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Aristotle (384–322 BC) was an ancient Greek philosopher and scientist. He was a pupil of Plato, and his writings cover many subjects.

1756. Even when laws have been written down, they ought not always to remain unaltered.
1757. Misfortune shows those who are not really friends.
1758. Quality is not an act, it is a habit.
1759. At his best, man is the noblest of all animals; separated from law and justice he is the worst.
1760. The energy of the mind is the essence of life.
1761. Good habits formed at youth make all the difference.
1762. Education is an ornament in prosperity and a refuge in adversity.
1763. Wit is educated insolence.
1764. The one exclusive sign of thorough knowledge is the power of teaching.
879. It is easy to perform a good action, but not easy to acquire a settled habit of performing such actions.
880. First, have a definite, clear practical ideal; a goal, an objective. Second, have the necessary means to achieve your ends; wisdom, money, materials, and methods. Third, adjust all your means to that end.
881. This is the reason why mothers are more devoted to their children than fathers: it is that they suffer more in giving them birth and are more certain that they are their own.
882. To write well, express yourself like common people, but think like a wise man. Or, think as wise men do, but speak as the common people do.
883. All human actions have one or more of these seven causes: chance, nature, compulsions, habit, reason, passion, desire.
884. Every rascal is not a thief, but every thief is a rascal.
552. Man is a goal seeking animal. His life only has meaning if he is reaching out and striving for his goals.

553. Poetry is finer and more philosophical than history; for poetry expresses the universal, and history only the particular.
554. Probable impossibilities are to be preferred to improbable possibilities.
555. Friendship is essentially a partnership.
556. The law is reason, free from passion.
557. Wicked men obey from fear; good men, from love.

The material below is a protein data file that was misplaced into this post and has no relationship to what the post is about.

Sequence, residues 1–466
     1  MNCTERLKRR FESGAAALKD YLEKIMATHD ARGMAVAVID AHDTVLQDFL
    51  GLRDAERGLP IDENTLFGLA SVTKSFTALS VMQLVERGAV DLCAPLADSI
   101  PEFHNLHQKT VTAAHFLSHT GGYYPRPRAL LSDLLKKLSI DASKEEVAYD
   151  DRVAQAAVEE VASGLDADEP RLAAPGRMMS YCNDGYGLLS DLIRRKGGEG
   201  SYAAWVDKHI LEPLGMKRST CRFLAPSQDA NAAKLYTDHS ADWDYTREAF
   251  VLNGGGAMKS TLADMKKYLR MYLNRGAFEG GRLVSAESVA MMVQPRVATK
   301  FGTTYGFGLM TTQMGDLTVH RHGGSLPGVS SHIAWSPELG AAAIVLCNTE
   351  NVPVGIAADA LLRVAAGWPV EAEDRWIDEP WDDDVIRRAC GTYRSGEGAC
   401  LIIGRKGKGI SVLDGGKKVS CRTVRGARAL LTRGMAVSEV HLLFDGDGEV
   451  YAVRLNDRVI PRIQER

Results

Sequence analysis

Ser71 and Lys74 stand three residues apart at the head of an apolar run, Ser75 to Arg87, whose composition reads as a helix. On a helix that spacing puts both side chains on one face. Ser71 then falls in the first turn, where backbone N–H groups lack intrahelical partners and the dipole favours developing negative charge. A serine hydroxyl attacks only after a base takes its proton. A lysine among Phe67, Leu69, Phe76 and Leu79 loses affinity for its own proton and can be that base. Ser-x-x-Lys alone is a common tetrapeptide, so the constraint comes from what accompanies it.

558. The worst form of inequality is to try to make unequal things equal.
559. The educated differ from the uneducated as much as the living from the dead.
320. At his best, man is the noblest of all animals; separated from law and justice, he is the worst.
321. There is no great genius without a mixture of madness.
322. Good habits formed at youth make all the difference.
323. Man is by nature a political animal.
324. The most perfect political community is one in which the middle class is in control, and outnumbers both of the other classes.
325. Our judgments when we are pleased and friendly are not the same as when we are pained and hostile.
326. The young are permanently in a state resembling intoxication.
327. Long-lived persons have one or two lines which extend through the whole hand; short-lived persons have two lines not extending through the whole hand.
85. Whosoever is delighted in solitude is either a wild beast or a god.
86. Excellence is an art won by training and habituation. We do not act rightly because we have virtue or excellence, but we rather have those because we have acted rightly. We are what we repeatedly do. Excellence, then, is not an act but a habit.
87. Pleasure in the job puts perfection in the work.
88. Those that know, do. Those that understand, teach.
89. Character may almost be called the most effective means of persuasion.
90. Those who educate children well are more to be honored than they who produce them; for these only gave them life, those the art of living well.
91. A friend to all is a friend to none.